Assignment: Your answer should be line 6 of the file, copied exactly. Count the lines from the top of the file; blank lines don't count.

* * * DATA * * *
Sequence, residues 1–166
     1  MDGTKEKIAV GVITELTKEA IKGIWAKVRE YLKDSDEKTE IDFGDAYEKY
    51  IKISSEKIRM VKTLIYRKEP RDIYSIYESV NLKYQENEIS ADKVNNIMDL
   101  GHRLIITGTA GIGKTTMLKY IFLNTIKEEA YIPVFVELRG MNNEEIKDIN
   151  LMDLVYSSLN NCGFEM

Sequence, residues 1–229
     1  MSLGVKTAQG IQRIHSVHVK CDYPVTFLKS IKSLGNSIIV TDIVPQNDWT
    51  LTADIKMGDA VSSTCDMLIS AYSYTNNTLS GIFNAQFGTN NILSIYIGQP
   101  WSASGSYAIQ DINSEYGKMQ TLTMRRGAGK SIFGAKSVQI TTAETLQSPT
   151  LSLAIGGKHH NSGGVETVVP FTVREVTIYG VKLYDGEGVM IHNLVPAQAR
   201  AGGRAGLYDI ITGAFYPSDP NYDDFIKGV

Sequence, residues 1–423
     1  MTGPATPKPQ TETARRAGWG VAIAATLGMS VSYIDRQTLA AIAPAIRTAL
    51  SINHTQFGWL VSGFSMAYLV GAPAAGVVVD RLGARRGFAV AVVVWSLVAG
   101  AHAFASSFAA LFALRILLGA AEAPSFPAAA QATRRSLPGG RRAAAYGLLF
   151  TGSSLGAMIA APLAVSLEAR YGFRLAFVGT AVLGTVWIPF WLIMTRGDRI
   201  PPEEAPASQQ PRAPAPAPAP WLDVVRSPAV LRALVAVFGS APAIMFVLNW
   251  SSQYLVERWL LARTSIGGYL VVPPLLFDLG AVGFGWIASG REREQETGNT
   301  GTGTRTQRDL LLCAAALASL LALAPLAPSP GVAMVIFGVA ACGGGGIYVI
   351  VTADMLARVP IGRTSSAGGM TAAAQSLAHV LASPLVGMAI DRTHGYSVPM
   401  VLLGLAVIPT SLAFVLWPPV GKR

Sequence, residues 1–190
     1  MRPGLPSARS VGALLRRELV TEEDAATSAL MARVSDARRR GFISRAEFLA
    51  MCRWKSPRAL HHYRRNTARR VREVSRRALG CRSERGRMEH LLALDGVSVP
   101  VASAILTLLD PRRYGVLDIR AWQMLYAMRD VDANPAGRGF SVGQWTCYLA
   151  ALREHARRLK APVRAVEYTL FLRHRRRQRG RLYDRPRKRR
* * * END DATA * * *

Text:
Sequence, residues 1–229